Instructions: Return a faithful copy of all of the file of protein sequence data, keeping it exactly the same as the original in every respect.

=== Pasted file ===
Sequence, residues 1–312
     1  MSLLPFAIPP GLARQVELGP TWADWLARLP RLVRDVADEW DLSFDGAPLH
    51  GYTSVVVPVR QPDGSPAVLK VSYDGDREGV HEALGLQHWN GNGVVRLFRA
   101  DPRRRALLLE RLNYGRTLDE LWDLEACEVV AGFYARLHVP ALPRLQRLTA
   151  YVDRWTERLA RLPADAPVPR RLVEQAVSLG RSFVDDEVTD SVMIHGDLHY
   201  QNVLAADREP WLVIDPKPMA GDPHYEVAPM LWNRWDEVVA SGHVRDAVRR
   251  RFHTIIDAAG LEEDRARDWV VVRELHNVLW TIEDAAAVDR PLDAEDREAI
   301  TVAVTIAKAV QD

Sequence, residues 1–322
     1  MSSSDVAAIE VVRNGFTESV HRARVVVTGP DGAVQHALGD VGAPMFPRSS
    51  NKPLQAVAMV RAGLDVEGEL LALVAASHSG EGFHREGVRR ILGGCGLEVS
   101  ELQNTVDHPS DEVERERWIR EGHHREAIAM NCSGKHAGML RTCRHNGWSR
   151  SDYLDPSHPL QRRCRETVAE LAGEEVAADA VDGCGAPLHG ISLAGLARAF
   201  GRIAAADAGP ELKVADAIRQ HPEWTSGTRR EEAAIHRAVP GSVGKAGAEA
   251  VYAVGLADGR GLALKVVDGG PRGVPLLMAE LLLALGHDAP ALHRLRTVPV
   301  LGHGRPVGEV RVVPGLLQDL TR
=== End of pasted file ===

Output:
Sequence, residues 1–312
     1  MSLLPFAIPP GLARQVELGP TWADWLARLP RLVRDVADEW DLSFDGAPLH
    51  GYTSVVVPVR QPDGSPAVLK VSYDGDREGV HEALGLQHWN GNGVVRLFRA
   101  DPRRRALLLE RLNYGRTLDE LWDLEACEVV AGFYARLHVP ALPRLQRLTA
   151  YVDRWTERLA RLPADAPVPR RLVEQAVSLG RSFVDDEVTD SVMIHGDLHY
   201  QNVLAADREP WLVIDPKPMA GDPHYEVAPM LWNRWDEVVA SGHVRDAVRR
   251  RFHTIIDAAG LEEDRARDWV VVRELHNVLW TIEDAAAVDR PLDAEDREAI
   301  TVAVTIAKAV QD

Sequence, residues 1–322
     1  MSSSDVAAIE VVRNGFTESV HRARVVVTGP DGAVQHALGD VGAPMFPRSS
    51  NKPLQAVAMV RAGLDVEGEL LALVAASHSG EGFHREGVRR ILGGCGLEVS
   101  ELQNTVDHPS DEVERERWIR EGHHREAIAM NCSGKHAGML RTCRHNGWSR
   151  SDYLDPSHPL QRRCRETVAE LAGEEVAADA VDGCGAPLHG ISLAGLARAF
   201  GRIAAADAGP ELKVADAIRQ HPEWTSGTRR EEAAIHRAVP GSVGKAGAEA
   251  VYAVGLADGR GLALKVVDGG PRGVPLLMAE LLLALGHDAP ALHRLRTVPV
   301  LGHGRPVGEV RVVPGLLQDL TR